The DuPlessis Lecture is named after Professor Emeritus Rachel Blau DuPlessis. DuPlessis is a widely published poet and critic and one of her significant contributions to the field of poetry and poetics is her interweaving of these two practices. Her poetry often speaks to the concerns of her critical work and her critical works often stretch the conventions of the scholarly essay. This lecture series honors DuPlessis’ expansions of literary form, and features poets who write in a number of different registers.


John Keene_select_9504_22016 Lecturer: John Keene

Thursday, February 4, 5:00 pm
Main Campus, Anderson 821 (Women’s Studies Lounge)

John Keene is the author of the novel Annotations (New Directions); the art-poetry collection Seismosis (1913 Press) with artist Christopher Stackhouse; and the short fiction collection Counternarratives (New Directions), which has been named to “Best Fiction of 2015” lists by New York Magazine, Vanity Fair, LitHub, Flavorwire, and other publications. His art-text collaboration with photographer Nicholas Muellner, GRIND, is forthcoming from ITI Press in 2016. He has also published a translation of Brazilian author Hilda Hilst’s novel Letters from a Seducer (Nightboat Books / A Bolha Editora), and has exhibited his artwork in Brooklyn and Berlin.  A longtime member of the Dark Room Writers Collective and a graduate fellow of Cave Canem, he currently serves on the board of the African Poetry Book Fund, and teaches in the departments of English and African American and African Studies, which he chairs, and also is a core faculty member in the MFA Program in Creative Writing, at Rutgers University-Newark.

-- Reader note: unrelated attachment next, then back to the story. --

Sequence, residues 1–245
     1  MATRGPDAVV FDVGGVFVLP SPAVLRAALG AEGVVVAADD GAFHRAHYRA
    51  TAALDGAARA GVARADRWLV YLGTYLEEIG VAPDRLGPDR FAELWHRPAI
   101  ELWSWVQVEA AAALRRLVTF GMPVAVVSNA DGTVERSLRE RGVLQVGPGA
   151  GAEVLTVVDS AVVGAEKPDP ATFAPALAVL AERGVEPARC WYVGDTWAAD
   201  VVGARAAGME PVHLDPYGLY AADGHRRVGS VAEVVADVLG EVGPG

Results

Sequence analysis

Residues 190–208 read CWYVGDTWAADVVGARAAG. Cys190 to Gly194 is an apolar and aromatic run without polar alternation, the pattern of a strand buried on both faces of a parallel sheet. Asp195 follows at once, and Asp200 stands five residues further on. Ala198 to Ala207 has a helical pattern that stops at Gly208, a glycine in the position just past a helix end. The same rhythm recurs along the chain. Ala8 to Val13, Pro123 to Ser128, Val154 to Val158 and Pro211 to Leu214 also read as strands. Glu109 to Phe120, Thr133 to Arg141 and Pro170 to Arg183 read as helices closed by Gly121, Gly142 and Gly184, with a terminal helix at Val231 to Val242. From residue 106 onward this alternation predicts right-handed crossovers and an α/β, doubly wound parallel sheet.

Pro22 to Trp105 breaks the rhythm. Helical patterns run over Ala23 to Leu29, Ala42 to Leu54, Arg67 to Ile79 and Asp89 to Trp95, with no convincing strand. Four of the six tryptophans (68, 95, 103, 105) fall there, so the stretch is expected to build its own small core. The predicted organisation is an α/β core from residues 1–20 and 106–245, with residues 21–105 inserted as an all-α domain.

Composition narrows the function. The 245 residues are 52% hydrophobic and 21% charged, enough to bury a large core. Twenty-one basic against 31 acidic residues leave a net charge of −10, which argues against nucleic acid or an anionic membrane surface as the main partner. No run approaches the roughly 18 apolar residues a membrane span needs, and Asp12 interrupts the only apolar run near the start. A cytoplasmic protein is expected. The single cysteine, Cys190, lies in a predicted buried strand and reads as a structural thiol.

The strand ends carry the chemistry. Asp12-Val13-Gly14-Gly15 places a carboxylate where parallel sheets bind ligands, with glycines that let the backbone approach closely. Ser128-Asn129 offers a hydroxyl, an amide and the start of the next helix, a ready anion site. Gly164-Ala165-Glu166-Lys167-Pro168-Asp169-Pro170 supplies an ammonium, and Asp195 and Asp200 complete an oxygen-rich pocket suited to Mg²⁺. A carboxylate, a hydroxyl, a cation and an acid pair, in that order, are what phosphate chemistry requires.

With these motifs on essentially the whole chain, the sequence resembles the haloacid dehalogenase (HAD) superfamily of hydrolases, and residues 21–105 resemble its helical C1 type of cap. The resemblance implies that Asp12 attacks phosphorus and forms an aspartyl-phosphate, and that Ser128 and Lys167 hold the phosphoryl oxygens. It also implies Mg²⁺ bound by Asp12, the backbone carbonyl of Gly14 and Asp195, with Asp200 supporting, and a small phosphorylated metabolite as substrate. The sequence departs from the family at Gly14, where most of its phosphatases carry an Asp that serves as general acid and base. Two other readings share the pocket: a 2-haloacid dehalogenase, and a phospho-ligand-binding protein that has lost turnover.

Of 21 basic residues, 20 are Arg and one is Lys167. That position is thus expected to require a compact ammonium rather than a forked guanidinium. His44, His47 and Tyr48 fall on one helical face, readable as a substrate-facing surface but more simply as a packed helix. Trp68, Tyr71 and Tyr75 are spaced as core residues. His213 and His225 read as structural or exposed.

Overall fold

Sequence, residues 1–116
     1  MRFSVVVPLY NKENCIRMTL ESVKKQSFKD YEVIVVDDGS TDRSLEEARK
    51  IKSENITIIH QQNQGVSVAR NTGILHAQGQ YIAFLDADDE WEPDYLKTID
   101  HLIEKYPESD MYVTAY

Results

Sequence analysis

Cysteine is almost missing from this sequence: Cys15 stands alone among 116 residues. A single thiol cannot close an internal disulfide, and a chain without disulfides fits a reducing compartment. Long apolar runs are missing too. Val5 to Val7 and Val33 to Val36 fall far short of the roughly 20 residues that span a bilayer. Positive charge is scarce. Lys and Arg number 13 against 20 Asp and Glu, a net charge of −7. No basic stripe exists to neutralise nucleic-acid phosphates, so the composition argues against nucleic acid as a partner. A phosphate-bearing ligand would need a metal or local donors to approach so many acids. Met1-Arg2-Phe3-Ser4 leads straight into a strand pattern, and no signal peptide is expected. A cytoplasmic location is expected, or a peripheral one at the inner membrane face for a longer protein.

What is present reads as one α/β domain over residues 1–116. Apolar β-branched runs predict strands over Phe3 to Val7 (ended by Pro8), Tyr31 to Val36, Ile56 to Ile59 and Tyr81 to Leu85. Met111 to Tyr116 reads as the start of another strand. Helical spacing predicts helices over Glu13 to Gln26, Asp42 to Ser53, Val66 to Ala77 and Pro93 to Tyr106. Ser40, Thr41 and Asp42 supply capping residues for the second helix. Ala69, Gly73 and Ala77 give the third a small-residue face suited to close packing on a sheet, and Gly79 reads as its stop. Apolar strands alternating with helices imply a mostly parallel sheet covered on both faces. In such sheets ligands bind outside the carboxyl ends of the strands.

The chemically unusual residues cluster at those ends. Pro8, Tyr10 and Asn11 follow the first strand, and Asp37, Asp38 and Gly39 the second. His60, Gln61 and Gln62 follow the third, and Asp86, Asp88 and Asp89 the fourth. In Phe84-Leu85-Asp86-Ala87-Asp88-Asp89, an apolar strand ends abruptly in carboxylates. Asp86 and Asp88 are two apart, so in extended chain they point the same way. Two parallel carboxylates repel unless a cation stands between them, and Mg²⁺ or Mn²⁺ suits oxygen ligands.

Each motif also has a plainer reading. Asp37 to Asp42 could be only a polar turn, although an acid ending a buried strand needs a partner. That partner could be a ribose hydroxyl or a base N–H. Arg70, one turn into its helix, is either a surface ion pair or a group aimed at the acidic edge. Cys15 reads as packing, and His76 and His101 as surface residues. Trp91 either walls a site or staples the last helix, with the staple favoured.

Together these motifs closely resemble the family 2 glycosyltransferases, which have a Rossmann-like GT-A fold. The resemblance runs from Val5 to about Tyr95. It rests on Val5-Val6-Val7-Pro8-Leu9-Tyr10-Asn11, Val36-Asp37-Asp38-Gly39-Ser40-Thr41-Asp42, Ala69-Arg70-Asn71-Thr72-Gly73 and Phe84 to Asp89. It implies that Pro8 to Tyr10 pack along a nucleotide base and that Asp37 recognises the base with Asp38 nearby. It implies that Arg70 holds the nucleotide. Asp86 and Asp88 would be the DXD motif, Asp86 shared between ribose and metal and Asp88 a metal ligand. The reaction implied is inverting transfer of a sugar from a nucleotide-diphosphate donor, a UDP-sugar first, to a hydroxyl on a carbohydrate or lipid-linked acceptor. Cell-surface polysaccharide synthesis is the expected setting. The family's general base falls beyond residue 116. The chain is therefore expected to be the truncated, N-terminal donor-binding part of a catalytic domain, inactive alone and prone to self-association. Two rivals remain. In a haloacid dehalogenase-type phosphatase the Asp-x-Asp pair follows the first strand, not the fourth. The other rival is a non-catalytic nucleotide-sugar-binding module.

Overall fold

This event is sponsored by the MFA Program in Creative Writing and the DuPlessis Lecture Fund, the Faculty Senate Lectures & Forums Committee, the Visual Studies Program, the Honors Program, The Women’s Studies Program, Temple Contemporary, and The Student Coalition of The Burrow of Institutional Diversity, Equity, Advocacy and Leadership (IDEAL).


2015 Lecturer: Kevin Killian

Thursday, January 29 – 6:00 p.m.
Temple Contemporary, the gallery at the Tyler School of Art, 2001 N. 13th St.

Kevin Killian, one of the original “New Narrative” writers, has written three novels,Shy (1989), Arctic Summer (1997), and Spreadeagle (2012); a book of memoirs; and three books of stories. He has also written three books of poetry, Argento Series(2001), Action Kylie (2008), and Tweaky Village (2014). With Peter Gizzi, he has edited My Vocabulary Did This To Me: The Collected Poetry of Jack Spicer (Wesleyan University Press, 2008). Wesleyan also brought out Killian and Lew Ellingham’s acclaimed biography of Spicer in 1998. For the San Francisco Poets Theater, Killian has written forty-five plays, and the anthology he compiled with David Brazil, The Kenning Anthology of Poets Theater 1945–1985, has become the standard book on the subject. Recent projects include Tagged (2013), Killian’s intimate photographs of poets, artists, writers, musicians, filmmakers, and intellectuals, and forthcoming, with Dodie Bellamy, is The Nightboat Anthology of New Narrative Writing 1977–1997. He teaches writing to MFA students at California College of the Arts in San Francisco.


2014 Lecturer: Evie Shockley